Visual narrative draft #2


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Visual narrative draft #2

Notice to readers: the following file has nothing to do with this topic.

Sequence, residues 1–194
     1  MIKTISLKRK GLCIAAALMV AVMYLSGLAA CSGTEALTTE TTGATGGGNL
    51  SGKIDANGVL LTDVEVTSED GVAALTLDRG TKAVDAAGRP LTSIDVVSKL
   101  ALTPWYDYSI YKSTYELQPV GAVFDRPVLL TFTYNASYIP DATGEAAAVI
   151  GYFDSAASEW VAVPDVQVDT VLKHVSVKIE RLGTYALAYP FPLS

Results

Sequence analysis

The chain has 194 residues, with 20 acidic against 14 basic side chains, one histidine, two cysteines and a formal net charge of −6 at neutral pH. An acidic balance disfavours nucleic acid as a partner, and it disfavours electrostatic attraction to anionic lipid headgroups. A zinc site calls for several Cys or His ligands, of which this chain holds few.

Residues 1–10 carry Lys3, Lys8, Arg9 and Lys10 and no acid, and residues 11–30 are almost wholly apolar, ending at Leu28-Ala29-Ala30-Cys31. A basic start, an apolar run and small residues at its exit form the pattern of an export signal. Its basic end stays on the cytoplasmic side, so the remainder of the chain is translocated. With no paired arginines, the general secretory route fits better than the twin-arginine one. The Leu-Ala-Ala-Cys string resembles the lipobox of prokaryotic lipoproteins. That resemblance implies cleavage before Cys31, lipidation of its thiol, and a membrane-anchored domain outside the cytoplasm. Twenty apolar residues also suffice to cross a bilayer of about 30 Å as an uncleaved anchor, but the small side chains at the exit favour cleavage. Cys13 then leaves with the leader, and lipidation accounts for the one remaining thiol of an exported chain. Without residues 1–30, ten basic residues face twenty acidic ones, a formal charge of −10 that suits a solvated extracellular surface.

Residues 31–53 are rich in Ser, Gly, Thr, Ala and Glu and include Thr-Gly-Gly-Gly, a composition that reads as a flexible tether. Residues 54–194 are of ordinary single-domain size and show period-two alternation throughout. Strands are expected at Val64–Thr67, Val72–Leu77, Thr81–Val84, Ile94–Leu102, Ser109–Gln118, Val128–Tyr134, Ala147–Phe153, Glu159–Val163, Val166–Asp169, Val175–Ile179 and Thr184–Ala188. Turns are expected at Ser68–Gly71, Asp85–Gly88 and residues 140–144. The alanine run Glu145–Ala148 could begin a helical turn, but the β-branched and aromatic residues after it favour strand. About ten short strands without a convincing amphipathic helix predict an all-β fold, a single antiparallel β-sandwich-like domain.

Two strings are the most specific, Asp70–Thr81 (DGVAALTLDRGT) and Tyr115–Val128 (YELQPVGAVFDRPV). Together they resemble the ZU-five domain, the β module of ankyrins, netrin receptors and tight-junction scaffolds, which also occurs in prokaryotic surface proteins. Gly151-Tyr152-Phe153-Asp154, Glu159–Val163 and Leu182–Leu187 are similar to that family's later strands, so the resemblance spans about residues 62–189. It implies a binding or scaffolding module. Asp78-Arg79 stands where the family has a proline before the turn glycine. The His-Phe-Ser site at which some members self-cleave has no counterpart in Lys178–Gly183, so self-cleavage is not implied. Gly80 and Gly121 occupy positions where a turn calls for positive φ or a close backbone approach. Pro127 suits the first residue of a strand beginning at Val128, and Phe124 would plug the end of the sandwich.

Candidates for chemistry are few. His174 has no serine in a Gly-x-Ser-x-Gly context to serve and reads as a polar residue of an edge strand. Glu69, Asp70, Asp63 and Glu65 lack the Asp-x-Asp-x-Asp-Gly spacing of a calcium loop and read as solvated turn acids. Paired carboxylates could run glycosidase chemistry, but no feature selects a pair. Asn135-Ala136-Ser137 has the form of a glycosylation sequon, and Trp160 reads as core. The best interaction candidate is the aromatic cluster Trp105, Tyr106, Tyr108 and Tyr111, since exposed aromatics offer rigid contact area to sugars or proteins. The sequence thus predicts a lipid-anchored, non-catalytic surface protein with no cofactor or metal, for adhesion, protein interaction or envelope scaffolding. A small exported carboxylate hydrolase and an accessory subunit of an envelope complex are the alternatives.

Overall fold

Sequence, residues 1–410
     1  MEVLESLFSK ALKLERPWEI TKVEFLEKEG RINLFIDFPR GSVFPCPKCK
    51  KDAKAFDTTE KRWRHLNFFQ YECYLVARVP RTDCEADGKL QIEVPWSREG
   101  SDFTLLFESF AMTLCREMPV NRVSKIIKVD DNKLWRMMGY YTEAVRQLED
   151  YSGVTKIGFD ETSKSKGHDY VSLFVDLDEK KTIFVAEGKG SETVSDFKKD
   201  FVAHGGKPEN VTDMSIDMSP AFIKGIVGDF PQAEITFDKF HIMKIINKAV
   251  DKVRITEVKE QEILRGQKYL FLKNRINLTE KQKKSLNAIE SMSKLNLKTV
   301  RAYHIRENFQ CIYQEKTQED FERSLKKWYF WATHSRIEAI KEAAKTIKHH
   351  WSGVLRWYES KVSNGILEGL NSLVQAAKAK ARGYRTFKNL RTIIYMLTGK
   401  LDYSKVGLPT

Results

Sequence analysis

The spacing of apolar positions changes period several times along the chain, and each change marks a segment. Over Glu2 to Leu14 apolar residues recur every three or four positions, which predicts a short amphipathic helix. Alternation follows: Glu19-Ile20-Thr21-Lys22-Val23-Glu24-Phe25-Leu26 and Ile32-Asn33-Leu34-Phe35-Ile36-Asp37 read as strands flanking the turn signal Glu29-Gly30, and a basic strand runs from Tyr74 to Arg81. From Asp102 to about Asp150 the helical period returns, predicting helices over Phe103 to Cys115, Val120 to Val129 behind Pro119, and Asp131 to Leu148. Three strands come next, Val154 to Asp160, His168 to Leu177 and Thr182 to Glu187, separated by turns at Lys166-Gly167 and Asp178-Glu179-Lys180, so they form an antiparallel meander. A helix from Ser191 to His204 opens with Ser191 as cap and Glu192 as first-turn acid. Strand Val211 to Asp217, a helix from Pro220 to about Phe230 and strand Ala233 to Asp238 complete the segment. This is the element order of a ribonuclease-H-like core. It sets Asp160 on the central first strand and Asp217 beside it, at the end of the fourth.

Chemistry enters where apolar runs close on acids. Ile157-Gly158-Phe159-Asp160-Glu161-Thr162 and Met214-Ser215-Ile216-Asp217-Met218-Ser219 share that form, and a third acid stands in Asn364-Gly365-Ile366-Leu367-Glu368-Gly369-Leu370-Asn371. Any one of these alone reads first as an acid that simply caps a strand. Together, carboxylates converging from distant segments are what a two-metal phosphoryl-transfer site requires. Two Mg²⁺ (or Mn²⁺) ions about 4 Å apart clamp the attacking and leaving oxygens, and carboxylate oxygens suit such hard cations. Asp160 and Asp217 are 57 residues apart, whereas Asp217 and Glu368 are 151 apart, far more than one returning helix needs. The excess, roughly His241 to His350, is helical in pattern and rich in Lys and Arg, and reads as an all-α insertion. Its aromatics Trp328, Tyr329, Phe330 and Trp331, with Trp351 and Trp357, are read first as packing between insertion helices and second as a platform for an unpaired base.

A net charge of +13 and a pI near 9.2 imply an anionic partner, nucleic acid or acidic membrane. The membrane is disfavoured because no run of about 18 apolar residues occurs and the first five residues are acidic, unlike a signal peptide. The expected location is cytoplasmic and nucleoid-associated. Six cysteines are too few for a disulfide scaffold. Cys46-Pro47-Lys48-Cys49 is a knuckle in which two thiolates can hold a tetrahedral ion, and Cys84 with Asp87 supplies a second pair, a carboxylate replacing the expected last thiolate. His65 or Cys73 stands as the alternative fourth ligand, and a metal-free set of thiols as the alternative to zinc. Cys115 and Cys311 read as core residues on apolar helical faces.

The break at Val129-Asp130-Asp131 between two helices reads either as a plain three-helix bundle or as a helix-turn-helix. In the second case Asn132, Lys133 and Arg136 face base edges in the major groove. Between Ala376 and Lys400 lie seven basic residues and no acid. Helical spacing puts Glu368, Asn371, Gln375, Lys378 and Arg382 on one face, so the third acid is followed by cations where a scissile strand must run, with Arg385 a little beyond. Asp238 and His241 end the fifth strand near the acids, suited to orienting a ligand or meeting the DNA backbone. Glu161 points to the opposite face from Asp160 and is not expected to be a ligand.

1. 1. Kristen M. Sell<br />David DiSarro<br />ENG 103<br />September 22, 2010<br /> June 7th, 2007; this was the day of my high school graduation. Sitting in that over-crowded gymnasium in my bright red cap and gown waiting for my name to be called, I had my entire future mapped out. At the end of the summer, I would attend Bethel College and study Christian Ministry so that I would someday become a missionary and visit Africa and change people’s lives. I would, presumably, marry my on-again-off-again high school sweetheart and my happy little fairy tale would be just wonderful. Sound familiar? That’s because, details aside, almost every freshly graduated high school senior seems to possess their own strategically (or not so strategically) organized plan as to how perfect his or her life will someday be. You might guess that, like most of those other seniors, my plan did not exactly pan out. The only difference being that my huge life changes just could not wait until I got to the real world. No, they started the very next week.<br />I somewhat reluctantly decided to go on “one last camping trip with the family” before college. No big deal, right? At least that’s what I thought. Everything started out like all the other family trips; rushing around to get everything packed, plenty of arguing, and, of course, not leaving by the time we had planned. (Don’t get me wrong, there is a lot of love in my family, we are just a bunch of procrastinators). We finally got on the road. My immediate family, as well as two of my uncle’s families and plenty of horses to go around, were all heading south to O’Bannon State Park for, what was supposed to be, a long weekend of riding horses. Like I said, it all started out normal. We unloaded the horses then unhitched the trailers. We unpacked all of the cooking supplies along with all the other various outdoor equipment. The men and my outdoor-loving-sister raised the canopies and the tents. All of this set-up was accompanied by the sound of bored, heavy breathing horses and country music. Once camp was set up, most of us went on a short trail ride before dark that first day. We headed to our sleeping bags early that night so we could be sure to wake up early for breakfast and head out for the first full day of riding.<br />After breakfast on the second day, each of us saddled our respective horses and set out for our first long ride of the trip in the hills of southern Indiana. This was the first time I had ever ridden these specific trails. I remember being surprised by how the trails seemed to be made up of rocks. This is not characteristic of the parks I was used to. Other than the rocks, it was a usual ride; the eye-catching scenery, no cell phone reception (ah, the freedom of no annoying ring tones), the pleasant chatter between family members, the horses being distracted or spooked by all kinds of little things. <br />My older brother’s horse must have been more distracted than the rest. We stopped in a clearing, for the convenience of the level ground, about five miles into the trail so my brother could more easily handle his skittish horse. The group of us was clustered there waiting patiently for my brother to deal with his current situation. My cousin’s horse that was in front of me, however, was not so patient. I was sitting on top of one of this horse’s barn mates. Maybe we were standing too close behind him or maybe these two had some long standing equine-dispute of which I was not aware. Either way, my cousin’s horse decided to urge my horse to move away. He kicked back at my horse with both of his monstrous shod (he had horse shoes) hooves. My right leg just happened to be in his way. Excuse me, Mr. Horse. His hoof met, quite painfully, with my tibia. I flew from the saddle and must have landed on my right wrist some six feet later. Somehow, I must have scurried away with what later I learned was a wrist full of badly stretched ligaments and a shattered tibia (the larger bone in the bottom of my leg that supports me when I walk). <br />So here I was lying in the grass at least five miles away from the closest medical attention. Luckily, my aunt had cell reception in this clearing. She called 911 and then everyone but my dad headed back to camp to make my mom, who had stayed behind, aware of my misfortune. Mind you, they had to ride down the rest of the trail so this took awhile. I lay there for an hour in that grass, which turned out to be poison ivy, squeezing my dad’s hand and crying. My mom, being the outstanding mother she is, decided she could not wait for the paramedics to bring her to me. She started walking… up a five mile rock-covered trail in her sandals. That is still funny to me. Needless to say, she did not beat the paramedics. When they crossed paths, they allowed her to hitch a ride on the small all-terrain-vehicle they slowly drove up to me. These guys were not playing games. They were like super paramedics or something. They immediately assessed that my leg was badly broken. Not hard to do, since you could see inside it. One of them gave me a shot of morphine while another found a sturdy stick to make a splint for my leg. I rode back down the way we had come up earlier on a stretcher on the back of the ATV while my mom and dad walked down beside me. (I really do have awesome parents). The ambulance was waiting when we got to the bottom. We “rushed” to the hospital. To me, it took forever. <br />I ended up in the University Hospital in Louisville, Kentucky for the next five days. The surgeons inserted a titanium rod and four screws into my leg. Initially, they did not see anything wrong inside my wrist, although it was swollen to the size of my knee. When I got home, I did end up having pins put in place along with a series of casts to make sure the healing of my ligaments went smoothly. This meant I spent that summer with a cast on my arm, sitting in a wheelchair and depending on my family to take care of my every need. <br />June 14th, 2007; exactly seven days after my high school graduation and one of many days that would lend a hand in molding me into the adult I continue to become.<br />